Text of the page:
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Dip in land put up for sale as doubts linger on farm policy

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The volume of farmland put up for sale publicly in the East of England fell by 8 per cent in the first quarter as doubts linger over the future of farming policy in the UK. However the downturn in publicly marketed farmland in the region - which fell to 1,120 acres from 1,210 in the period last year - was milder than in Britain as a whole, which saw a 28 per cent decline in the first quarter to 10,390 acres, according to figures from Savills. Prices also remained stable with the average value of prime arable land in the Eastern counties falling just 0.9% to £8,690 per acre in the first quarter.

Christopher Miles, of the rural team in Savills Norwich, said despite challenging market conditions there is still a demand for high quality farming businesses – with more land expected to come onto the market later in the year. He said: "...it does appear that current political and economic uncertainty has slightly muted the supply of land coming onto the market.” He added: “Undoubtedly there are some significant challenges ahead for farming businesses but until the future farming policy is ratified, it is difficult to forecast how the farmland market might be affected.”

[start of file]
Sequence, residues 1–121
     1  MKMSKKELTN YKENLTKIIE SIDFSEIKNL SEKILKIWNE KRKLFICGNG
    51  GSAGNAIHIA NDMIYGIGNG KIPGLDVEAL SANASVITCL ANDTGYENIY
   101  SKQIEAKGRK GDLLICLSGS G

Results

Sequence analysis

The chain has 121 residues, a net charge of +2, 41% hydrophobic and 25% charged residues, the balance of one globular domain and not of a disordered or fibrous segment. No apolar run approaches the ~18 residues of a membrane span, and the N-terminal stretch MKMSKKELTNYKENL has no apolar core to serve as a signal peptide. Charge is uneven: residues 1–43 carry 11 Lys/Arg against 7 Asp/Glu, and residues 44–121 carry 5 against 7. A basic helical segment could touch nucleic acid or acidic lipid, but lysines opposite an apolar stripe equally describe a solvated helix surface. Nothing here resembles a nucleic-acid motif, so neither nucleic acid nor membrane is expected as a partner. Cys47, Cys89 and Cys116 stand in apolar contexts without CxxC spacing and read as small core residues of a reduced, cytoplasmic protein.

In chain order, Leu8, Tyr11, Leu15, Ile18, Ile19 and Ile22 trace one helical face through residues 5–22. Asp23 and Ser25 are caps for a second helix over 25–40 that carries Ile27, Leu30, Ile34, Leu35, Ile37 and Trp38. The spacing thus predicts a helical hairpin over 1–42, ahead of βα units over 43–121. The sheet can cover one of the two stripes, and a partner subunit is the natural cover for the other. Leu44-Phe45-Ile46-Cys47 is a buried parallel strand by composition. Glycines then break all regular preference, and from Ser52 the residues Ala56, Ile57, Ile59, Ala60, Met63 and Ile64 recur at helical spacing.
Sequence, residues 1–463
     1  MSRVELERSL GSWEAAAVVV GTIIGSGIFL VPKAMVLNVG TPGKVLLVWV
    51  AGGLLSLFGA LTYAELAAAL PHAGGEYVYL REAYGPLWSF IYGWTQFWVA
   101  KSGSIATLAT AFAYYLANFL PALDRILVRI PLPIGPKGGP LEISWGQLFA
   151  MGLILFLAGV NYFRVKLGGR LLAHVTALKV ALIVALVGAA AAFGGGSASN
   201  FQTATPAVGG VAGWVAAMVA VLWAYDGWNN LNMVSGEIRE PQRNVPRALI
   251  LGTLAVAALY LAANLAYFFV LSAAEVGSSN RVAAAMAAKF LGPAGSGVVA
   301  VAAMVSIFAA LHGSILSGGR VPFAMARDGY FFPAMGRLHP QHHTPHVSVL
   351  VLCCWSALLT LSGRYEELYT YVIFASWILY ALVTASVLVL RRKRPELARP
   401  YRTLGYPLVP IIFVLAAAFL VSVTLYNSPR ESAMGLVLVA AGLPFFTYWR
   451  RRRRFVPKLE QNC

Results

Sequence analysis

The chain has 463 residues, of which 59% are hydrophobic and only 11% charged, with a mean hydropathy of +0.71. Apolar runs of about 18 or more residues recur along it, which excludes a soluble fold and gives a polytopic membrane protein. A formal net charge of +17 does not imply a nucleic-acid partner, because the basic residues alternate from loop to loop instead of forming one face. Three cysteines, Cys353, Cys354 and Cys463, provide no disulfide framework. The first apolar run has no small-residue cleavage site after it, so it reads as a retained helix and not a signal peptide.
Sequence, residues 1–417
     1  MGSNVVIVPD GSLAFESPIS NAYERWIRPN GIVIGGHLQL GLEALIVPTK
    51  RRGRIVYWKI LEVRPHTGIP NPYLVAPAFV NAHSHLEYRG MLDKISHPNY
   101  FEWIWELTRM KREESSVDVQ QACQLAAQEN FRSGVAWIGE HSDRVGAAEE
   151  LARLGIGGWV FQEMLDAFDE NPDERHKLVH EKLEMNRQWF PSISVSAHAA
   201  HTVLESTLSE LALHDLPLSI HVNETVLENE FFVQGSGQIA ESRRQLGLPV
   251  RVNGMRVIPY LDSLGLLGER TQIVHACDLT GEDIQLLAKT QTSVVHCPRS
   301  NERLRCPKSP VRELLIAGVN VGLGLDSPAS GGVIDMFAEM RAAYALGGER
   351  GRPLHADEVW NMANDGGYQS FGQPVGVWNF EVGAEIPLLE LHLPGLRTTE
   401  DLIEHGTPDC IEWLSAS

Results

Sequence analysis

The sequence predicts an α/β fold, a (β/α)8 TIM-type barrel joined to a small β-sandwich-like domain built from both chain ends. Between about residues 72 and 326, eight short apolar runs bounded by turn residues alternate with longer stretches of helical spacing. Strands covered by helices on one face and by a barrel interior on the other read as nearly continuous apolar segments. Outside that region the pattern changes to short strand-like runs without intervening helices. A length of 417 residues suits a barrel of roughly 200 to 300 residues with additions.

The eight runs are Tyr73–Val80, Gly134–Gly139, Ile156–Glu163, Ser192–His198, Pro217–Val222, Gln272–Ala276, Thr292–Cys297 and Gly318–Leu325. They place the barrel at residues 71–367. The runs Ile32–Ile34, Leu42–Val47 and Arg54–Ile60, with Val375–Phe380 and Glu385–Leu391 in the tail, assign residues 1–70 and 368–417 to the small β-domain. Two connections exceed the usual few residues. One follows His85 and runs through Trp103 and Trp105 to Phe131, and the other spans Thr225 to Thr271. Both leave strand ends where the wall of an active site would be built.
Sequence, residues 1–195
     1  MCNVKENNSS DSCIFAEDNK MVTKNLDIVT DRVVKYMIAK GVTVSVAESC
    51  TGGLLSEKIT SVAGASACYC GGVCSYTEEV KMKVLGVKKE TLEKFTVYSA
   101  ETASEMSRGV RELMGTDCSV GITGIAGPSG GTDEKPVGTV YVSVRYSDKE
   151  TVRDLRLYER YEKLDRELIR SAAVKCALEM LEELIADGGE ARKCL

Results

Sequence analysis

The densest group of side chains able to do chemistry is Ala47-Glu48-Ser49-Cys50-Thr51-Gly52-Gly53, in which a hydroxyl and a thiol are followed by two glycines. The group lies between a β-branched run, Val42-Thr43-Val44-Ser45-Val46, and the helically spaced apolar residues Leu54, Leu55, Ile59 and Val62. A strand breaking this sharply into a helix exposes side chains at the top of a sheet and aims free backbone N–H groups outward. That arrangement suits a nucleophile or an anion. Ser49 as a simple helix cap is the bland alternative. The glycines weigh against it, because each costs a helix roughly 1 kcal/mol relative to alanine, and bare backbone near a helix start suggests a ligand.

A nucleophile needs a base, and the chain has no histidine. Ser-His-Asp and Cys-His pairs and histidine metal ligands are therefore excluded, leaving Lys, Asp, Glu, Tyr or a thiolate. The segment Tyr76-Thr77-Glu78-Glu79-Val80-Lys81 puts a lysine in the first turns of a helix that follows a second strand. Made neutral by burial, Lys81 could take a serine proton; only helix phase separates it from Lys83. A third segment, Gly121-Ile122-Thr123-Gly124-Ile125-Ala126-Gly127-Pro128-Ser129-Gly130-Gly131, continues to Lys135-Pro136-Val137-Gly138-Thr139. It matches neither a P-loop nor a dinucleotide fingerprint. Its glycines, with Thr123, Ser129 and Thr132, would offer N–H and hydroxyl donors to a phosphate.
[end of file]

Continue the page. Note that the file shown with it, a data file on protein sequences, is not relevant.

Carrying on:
Overall, the East of England accounted for 15 per cent of the farmland put up for sale in the UK in the first quarter. Savills had seen more international buyers on its books, attracted by the weak pound.

Farms and estates marketed during the first three months of 2019 have met strong interest from potential buyers, according to Strutt & Parker. “Very few farms came to the open market in East Anglia in the first quarter, but ....interest has been positive with good levels of viewings to date. Values continue to be variable across the region." said Charles Wadsley of Strutt & Parker. Larger farms are  proving popular and there is a shortage of commercial arable units of 750-1,000 acres.

Last Updated ( Wednesday, 12 June 2019 11:51 )